Paddling Upper St. Regis Lake

The Adirondacks are steeped in history. And the best place to visualize historic “great camps” is right close by on Upper St Regis Lake.

Idem Sailboat on Upper St. Regis Lake (Photo by Bob Brand)

Editor's note

Bob Brand is a neighbor of the Lake Clear Lodge. He's enthusiastic about the multitude of outdoor opportunities available in the Lake Clear area. Bob wants to enlighten potential visitors to the hiking, paddling, snowshoeing, and cross-country skiing day trips that are easily accessed from here.

It is great fun to paddle around the lake and drool over these incredible examples of classic rustic luxury estates. Many camps have cute, tiny guest cabins, each with its own fireplace, hanging over the lake shore. You can peek into the large boat houses and see wooden guide boats and old varnished wood inboard power boats. “Idem” class sailboats sit on their moorings. These long, sleek, gaff rigged beauties are only found on Upper St Regis. One sunny weekend day we were paddling around the lake showing the sights to friends when we spotted one of the Idems heading out for a sail. Then there was another and another. Turns out everyone was heading out for one of the scheduled weekend races so we pulled over next to an island and watched the whole fleet sail close by. Pretty cool! Thank heaven for digital cameras. A few years later I had the opportunity to crew on an Idem in a race - incredibly cool!

Another memorable time we paddled past the several boathouses of Camp Topridge at the far northwestern end of the lake (once owned by Margaret Maryweather Post of Post cereals fame) and there were probably 20 wooden canoes and guide boats on saw horses spread out along the waterfront. No person was to be seen. It's like they put all their boats out on display just for us. We were duly impressed as we paddled past in our plastic fantastic canoes.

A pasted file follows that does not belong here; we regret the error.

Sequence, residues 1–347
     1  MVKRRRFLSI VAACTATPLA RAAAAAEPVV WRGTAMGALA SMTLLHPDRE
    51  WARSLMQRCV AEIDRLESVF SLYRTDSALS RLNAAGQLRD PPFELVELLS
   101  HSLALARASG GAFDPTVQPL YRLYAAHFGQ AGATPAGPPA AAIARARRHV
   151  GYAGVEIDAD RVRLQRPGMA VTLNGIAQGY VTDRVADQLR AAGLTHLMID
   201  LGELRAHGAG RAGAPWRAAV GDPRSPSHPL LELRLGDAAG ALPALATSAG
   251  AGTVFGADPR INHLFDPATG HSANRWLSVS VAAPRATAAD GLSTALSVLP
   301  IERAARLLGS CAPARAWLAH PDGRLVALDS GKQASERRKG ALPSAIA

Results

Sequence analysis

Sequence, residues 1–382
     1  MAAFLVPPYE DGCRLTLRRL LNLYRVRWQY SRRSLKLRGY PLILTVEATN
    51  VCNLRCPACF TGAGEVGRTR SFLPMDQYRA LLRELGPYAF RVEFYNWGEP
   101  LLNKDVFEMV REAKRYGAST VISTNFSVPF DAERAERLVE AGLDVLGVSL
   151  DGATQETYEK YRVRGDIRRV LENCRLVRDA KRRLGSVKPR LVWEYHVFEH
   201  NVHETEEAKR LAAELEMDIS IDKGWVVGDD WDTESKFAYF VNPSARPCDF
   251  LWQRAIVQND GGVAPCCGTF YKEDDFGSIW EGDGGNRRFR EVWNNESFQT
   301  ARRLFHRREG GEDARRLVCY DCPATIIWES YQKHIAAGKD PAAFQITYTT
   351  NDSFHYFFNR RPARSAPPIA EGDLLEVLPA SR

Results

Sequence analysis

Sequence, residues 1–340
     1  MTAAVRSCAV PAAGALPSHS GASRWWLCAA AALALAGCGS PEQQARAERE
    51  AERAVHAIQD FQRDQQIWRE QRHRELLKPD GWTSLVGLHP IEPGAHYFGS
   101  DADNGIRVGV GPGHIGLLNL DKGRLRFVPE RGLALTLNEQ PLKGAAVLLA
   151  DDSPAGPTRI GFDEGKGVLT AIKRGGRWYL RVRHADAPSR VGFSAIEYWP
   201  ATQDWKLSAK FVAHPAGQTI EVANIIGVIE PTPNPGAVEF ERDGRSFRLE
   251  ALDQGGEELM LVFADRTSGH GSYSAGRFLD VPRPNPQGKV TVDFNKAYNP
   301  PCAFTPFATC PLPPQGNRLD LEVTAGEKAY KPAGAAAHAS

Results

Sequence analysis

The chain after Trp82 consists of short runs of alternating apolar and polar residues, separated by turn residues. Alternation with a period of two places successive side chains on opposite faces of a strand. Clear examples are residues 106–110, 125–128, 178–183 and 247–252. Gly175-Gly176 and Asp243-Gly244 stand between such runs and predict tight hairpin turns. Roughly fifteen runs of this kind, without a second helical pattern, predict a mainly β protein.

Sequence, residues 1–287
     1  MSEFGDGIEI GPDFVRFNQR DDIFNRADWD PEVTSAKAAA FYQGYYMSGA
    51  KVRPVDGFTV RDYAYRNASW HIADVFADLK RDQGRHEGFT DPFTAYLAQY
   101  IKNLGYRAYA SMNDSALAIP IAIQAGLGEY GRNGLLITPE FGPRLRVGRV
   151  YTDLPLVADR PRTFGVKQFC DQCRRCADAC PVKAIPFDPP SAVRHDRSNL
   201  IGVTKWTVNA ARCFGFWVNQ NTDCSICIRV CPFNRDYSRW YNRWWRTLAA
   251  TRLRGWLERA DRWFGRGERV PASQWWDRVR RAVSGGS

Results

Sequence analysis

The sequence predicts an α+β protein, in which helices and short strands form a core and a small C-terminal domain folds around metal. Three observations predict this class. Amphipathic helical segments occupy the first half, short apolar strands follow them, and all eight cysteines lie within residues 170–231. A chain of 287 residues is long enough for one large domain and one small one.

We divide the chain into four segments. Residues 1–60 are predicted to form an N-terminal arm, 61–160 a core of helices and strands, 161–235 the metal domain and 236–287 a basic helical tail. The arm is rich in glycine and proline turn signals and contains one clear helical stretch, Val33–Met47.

Upper St Regis is just a bit longer than Lake Clear but it has interesting islands, bays, and narrow sections. It's easy to lose track of where you started out. So, as you leave the put in, turn around and remember what it looks like. (It is a really good idea to invest in a map and by far the best is the “Adirondack Paddlers Map” which you can purchase at St. Regis Canoe Outfitters in Saranac Lake or at their backwoods location on Floodwood Road. All the paddling routes I blog about will be covered by this map. For some trips the map is essential.)

Accessing Upper St. Regis Lake

Access USRL off route 30 about 3 miles north of the Lodge. Look for the “Lake Clear Camp” sign on the left. This is the Girl Scout camp access road. Take the next left onto a wide dirt road which leaves 30 at an angle when 30 is on a downhill grade. The good dirt road leads to the put-in about 3/10 mile. The public launch is to the right of the property owners launch. There is usually a manned boat wash station where you will be requested to wash your boat out to keep invasive plant and animal species out of the lake. I don't know if Upper St. Regis has a problem or not but Lake Clear does not – yet. I'd wash out your boat after your trip before putting it into Lake Clear. Invasives are a huge, expensive problem and the best solution to protect what we all love is prevention. 

Extending Your Trip

You can extend your trip by paddling into Spitfire Lake (more great camps and boats to die for). If you have 2 cars or a bicycle an “A” to “B” trip can be done from Upper through Spitfire to Lower St. Regis Lake which has no camps but hosts the hulking presence of Paul Smiths College. You can take out at PSC or continue down the West Branch of the St. Regis River to the dam at Keese Mill. (Look at your MAP!!) Access the PSC take out by turning into the college's main entrance, taking a sharp right at the stop sign and looping around the buildings to the water. Look for the canoe racks by the water. That's the spot. The Keese Mill take out is opposite the start of the Black and Long Pond trail explained in a previous blog.

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